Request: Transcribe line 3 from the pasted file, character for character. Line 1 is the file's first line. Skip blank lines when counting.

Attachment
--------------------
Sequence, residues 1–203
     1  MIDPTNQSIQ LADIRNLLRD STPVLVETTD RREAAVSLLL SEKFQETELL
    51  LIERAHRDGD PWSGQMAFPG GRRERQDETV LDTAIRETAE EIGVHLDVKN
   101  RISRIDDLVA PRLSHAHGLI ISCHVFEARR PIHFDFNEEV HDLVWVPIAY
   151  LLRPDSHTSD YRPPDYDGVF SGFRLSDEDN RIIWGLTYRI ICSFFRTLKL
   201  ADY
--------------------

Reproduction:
    51  LIERAHRDGD PWSGQMAFPG GRRERQDETV LDTAIRETAE EIGVHLDVKN